Plasmacytoid DCs (pDCs) are found mainly in the peripheral blood and bone marrow, and in the T cell areas of secondary lymphoid organs. pDCs are a specialized cell population that exhibit a plasma-cell like morphology and produce large amounts of type I IFN in response to viruses. These cells play a crucial role in the induction and maintenance of tolerance, properties that depend upon expression of the type I IFN receptor . pDCs are considered as an immature DC subtype able to differentiate in vitro into mature DCs, in response to different stimuli . In mice, pDCs express B220, Ly6C or CD11c but no CD123 (IL-3Rα) [30,31]. In humans, pDCs express CD4, CD123, HLA-DR, CD68, ILT-3 and CD45RA but lack CD11c, ILT-1, CD3, CD14, CD16, CD19, CD20 and CD56 [32,33]. Blood DC antigen (BDCA)-2 (CD303) and BDCA-4 (identical to neuropilin-1) are also human pDC-specific markers in the blood . BDCA-2 is a type II lectin C  that plays a role in antigen internalization and presentation as well as in the synthesis of IL-12. In the presence of IL-3, CD40L or viruses, pDC can differentiate into mature DCs. This process involves up-regulation of MHC class II, co-stimulatory molecules and the chemokine receptor CCR7, as well as the production of IL-12, and leads in turn to an enhancement of T lymphocyte activation [29,30,35]. Activated pDCs are able to produce a large variety of proimmune cytokines including IFN-α/β, granulocyte–macrophage colony-stimulating factor, TNF-α, IL-6 and IL-8 . In addition, human as well as murine mature pDCs affect T cells functions, leading to earlier activation, prolonged survival, IFN-γ production and Th1 differentiation, via different molecular mechanisms . In contrast, in humans and mice, freshly isolated immature pDCs express low levels of MHC class II and co-stimulatory molecules and are consequently very limited in their capacity to present antigen to T lymphocytes and to induce cytokine polarization [29,38]. In vivo, the tolerogenic potential of pDCs was demonstrated initially following the administration of murine liver pDCs in a cardiac allograft model . The latter cells were shown to acquire alloantigens in the allograft and then home, via the blood, to peripheral lymph nodes where they induced the generation of CD4+CD25+forkhead box P3 (FoxP3)+ Treg expressing chemokine (C-C motif) receptor 4 (CCR4) . Stimulation of pDCs with CD200-Ig , CTLA-4-Ig or glucocorticoid-induced TNF receptor family-related gene-Ig-induced IDO production and contributed to the tolerogenic state of these cells . Furthermore, pDCs from tumour-draining lymph nodes express IDO constitutively, suggesting that they help to maintain the state of immunosuppression within the tumour .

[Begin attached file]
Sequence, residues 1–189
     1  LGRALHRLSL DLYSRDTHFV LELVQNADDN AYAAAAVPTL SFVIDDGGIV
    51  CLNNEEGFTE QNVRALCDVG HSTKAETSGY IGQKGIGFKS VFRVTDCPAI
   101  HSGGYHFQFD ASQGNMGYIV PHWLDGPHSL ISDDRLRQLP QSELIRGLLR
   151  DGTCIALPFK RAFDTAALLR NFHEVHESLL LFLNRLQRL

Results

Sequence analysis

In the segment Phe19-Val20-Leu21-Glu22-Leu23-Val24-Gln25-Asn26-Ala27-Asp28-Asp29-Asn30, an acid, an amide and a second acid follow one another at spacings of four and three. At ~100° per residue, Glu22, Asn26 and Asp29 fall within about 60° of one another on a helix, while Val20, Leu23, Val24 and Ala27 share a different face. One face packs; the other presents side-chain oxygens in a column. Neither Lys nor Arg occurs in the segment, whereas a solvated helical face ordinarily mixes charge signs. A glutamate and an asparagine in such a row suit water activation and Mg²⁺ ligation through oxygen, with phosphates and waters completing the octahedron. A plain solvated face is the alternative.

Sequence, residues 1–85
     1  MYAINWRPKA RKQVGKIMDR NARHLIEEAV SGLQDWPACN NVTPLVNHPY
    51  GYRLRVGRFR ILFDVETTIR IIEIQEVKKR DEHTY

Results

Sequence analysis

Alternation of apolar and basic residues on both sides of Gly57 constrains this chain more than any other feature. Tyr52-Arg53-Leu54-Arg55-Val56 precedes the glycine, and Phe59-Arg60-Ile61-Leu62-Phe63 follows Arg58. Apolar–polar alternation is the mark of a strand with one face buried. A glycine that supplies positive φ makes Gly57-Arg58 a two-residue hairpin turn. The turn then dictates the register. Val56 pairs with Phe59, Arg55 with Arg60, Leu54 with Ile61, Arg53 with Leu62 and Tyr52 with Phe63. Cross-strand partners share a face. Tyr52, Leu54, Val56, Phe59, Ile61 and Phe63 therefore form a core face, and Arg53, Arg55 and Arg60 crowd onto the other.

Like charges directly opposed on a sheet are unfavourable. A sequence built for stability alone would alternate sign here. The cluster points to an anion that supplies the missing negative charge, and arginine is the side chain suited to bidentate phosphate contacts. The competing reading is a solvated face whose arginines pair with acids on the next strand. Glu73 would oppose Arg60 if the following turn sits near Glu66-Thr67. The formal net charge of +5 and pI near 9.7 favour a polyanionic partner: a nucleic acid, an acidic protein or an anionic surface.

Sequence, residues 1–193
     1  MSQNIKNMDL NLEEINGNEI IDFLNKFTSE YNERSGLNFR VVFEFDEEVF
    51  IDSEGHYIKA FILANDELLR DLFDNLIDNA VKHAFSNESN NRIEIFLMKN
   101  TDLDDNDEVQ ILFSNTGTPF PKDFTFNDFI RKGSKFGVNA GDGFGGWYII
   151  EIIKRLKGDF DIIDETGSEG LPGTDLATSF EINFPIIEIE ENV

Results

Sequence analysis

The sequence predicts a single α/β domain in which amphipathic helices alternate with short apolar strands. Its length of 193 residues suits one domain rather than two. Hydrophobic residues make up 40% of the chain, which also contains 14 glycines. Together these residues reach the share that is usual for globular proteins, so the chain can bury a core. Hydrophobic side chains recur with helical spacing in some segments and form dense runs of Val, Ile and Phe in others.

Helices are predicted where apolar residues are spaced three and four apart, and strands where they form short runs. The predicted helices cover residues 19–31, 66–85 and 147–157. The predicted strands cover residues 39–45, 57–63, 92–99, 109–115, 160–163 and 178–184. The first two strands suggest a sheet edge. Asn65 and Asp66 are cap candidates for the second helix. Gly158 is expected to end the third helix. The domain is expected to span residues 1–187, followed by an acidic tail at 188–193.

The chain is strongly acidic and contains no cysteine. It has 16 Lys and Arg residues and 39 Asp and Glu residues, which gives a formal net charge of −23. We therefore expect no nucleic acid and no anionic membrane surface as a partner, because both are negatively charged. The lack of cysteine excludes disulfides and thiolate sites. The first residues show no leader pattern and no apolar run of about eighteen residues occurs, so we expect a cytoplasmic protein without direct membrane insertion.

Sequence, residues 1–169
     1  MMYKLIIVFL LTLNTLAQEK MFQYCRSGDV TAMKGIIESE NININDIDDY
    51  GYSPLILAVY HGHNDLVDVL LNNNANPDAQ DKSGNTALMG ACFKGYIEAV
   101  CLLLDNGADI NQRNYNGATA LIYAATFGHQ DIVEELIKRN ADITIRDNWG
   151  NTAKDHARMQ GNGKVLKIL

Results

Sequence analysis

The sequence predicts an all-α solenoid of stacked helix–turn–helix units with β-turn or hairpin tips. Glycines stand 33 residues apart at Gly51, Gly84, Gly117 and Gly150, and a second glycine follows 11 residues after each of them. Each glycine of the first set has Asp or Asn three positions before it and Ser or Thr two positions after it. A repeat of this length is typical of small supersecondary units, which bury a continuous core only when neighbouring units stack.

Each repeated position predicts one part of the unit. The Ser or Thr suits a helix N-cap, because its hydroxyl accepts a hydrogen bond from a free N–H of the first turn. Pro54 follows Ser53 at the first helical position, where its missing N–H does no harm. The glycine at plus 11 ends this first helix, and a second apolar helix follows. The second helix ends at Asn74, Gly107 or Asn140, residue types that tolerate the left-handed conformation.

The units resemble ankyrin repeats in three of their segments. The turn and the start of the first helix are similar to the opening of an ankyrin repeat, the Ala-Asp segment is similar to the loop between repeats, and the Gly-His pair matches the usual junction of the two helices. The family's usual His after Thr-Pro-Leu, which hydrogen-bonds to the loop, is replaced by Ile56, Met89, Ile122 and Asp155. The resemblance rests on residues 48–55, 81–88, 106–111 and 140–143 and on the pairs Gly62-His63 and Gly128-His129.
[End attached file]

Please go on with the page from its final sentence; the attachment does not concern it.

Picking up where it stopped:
CD19+ DCs also have a plasma cell-like morphology, but unlike pDC they are found in the red pulp of the mouse spleen. These cells are normally capable of stimulating T cells. However, they can synthesize large amounts of IDO after ligation of CD80/86 by CTLA-4 bound on the surface of Treg or by ligation of Toll-like receptor 9 (TLR-9) , and thereby become immunosuppressive. As for pDC, the suppressive action of CD19+ DCs is under the control of type I IFN.